may the prayers of your Martyr Fabian
help us to share his faith
and offer you loving service.
Grant this through Christ our Lord. Amen.

Sunday, January 17, 2010

Old Mass/New Mass

Fr. Z at WDTPRS made a post here asking for readers, especially those of the younger generation, to email him with brief thoughts on the old mass/new mass question. The responses are there, and in part 2 and part 3. My response was made and posted. All of the responses taken together make an interesting reflection on the question, and as I have continued thinking about it, I'd like to make a more substantial discussion of the topic than was afforded there.

First, I must lay out what I mean by the "old mass/new mass question." Overall, I'd like to discuss my preferences, how I arrived at them, and also the role the Extraordinary Form (EF) has played in my spiritual life at different points.

As I have said before, I didn't much care about the Faith, nor attendance at Church through my freshman year of college. When I returned to the Church as a sophomore, I had only moderate religious formation, and very little understanding of liturgical history. Luckily, though, I had friends who were also willing to learn, and as a group, we grew in the Faith. A close friend of mine had heard that there was a place in the Archdiocese (of Chicago) that had a special indult to celebrate the "Latin Mass" (as we called it). We decided to take in the Mass, and see what it was all about. I looked at some online missal and saw a general structure I recognized, and I figured that since I had been going to Mass all my life, a little Latin wouldn't deter me from knowing what was going on.

We were late, got a little lost on the way, and walked in during the Kyrie. I recognized that; it was one of the last things I recognized. Because we were late, I didn't notice the mass guides in the back of the Church when we came in. The experience was something wholly other. I was lost the whole time, and just did my best to pay attention to the bells. Come communion time, they used a communion rail. I had never received my Lord and Savior directly on my tongue in my life, let alone while kneeling. I think I knew not to say "Amen," but that was about all I knew. Moved by the sacredness of this mode of receiving, from that point on I only received on the tongue.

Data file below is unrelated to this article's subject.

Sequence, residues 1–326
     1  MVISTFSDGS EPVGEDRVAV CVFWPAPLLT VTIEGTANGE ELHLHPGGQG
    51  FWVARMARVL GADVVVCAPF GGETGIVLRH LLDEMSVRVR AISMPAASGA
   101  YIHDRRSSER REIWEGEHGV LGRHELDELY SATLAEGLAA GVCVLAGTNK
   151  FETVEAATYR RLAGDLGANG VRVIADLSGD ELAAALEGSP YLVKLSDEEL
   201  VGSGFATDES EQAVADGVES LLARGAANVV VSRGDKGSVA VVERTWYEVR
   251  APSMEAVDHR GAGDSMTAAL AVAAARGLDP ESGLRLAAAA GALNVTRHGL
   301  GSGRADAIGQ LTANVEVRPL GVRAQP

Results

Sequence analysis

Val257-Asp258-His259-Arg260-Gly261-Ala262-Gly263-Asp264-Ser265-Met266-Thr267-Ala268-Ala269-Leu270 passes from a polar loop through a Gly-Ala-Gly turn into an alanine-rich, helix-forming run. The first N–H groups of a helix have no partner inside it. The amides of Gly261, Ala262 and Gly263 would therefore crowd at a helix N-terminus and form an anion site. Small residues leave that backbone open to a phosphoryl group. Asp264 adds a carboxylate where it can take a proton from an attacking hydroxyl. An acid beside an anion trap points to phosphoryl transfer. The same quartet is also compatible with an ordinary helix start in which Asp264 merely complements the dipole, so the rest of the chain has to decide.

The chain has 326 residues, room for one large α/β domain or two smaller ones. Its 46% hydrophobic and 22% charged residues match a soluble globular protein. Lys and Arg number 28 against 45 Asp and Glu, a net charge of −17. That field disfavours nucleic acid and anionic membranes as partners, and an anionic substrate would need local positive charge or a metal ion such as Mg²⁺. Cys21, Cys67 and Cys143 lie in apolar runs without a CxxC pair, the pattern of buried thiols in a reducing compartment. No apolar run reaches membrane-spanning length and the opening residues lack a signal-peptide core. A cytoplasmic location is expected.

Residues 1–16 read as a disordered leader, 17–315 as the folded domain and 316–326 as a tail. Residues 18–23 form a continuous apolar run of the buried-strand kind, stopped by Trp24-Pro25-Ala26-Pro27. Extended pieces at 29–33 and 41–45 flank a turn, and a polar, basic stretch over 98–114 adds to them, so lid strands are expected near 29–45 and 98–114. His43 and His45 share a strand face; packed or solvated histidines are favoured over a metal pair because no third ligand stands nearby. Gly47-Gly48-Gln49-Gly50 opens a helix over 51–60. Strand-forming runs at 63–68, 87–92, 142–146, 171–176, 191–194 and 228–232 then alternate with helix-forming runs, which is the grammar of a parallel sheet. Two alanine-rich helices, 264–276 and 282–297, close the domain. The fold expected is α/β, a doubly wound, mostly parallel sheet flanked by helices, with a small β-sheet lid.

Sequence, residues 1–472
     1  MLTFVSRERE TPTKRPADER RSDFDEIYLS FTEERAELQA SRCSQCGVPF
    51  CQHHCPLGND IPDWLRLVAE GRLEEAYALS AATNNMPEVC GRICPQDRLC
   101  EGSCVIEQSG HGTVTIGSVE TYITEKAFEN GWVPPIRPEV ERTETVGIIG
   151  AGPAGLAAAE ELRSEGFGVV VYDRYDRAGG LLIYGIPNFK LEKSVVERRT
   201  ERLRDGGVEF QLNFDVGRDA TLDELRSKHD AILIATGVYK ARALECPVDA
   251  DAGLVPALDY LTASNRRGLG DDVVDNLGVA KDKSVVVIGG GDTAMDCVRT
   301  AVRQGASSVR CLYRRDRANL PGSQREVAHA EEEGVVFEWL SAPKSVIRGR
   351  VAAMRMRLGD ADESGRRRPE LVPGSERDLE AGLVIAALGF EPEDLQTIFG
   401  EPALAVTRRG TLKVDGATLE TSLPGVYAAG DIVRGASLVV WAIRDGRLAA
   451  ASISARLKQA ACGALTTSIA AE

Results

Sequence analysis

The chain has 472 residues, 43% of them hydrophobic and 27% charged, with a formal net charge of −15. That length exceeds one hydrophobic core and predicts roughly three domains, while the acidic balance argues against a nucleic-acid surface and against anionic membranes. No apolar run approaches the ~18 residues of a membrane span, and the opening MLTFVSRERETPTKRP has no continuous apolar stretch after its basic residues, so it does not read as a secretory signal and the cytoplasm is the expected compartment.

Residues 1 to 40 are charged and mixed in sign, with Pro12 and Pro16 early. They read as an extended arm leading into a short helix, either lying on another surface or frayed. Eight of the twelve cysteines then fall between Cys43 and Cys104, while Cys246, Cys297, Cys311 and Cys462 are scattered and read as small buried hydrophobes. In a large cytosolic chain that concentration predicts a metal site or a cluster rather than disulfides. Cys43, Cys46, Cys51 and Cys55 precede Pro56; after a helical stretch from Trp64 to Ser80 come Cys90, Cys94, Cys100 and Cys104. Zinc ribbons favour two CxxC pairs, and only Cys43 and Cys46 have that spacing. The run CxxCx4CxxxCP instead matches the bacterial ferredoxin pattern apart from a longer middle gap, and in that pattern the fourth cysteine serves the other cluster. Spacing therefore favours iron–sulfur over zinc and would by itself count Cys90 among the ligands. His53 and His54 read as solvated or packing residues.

Reflecting on that Mass later, and attending the EF mass a number of times again, I was moved by the realization that this Mass was one and the same mass that my parents grew up with, and my grandparents had for much of their lives, and my great-grandparents, and back and back and back. I was also struck by the sanctity that the priests and servers showed toward the celebration of the Mass, something I had not seen anywhere else I had been. I also attended Mass at the same parish in the Ordinary Form (OF) in Latin.

Now, with my initial experiences of Mass in Latin laid out, I'd like to go on to discuss my preferences. In short, for the most part, and all things being equal, I'd prefer to go to an OF mass over an EF mass. Part of this is definitely familiarity; I think if I had only known the EF mass and then had limited exposure to the OF mass, I'd at least be leery of it. But, there is more than that. I like hearing what the priest is saying, and having responses given by the congregation rather than by the servers.

I don't attend the EF mass very often, despite having two nearby places to attend every Sunday. I used to go more often when I was in Chicago. I would go when I felt like I needed "an infusion of sanctity" or tradition, or just wanted to attend a liturgy which was done carefully. Today, the parish I attend does not do things "perfectly" (to my liking, at least), but things aren't off the wall either. I would probably more regularly attend if the EF mass was offered as one of the regular liturgies by my parish.

I haven't yet touched on the language issue. On this point I am still torn. I would like to see much greater use of the Latin language, but to what extent I am not sure. Of course, I think that things like the readings of the Mass ought be in the vernacular, but I'm not sure which parts of the ordinary ought be in the vernacular languages, and which others in Latin. I don't accept the premise that people won't be able to relate to or understand prayers in Latin, or whatever the usual complaint is. How many people even pay attention to the words of the Confiteor or the Credo when they hear it in English? Would it be any worse if the prayers were in Latin? The thing I like about keeping large parts of the ordinary in Latin is the uniformity and universality of worship among the Roman (Latin) Rite Catholics.

Finally, I will take a quick detour to discuss the reform I wish had taken place after the council. The mass I would like to see is essentially the EF mass, but with the points I've mentioned above, that is audible prayers by the priest (at least some of those prayers ought be audible), and responses given by the people. Throw in the additionally extended lectionary, and we've got a renewed liturgy which is clearly in continuity with Tradition. This, I think, having read things like Sacrocanctum Concilium, is what the council foresaw.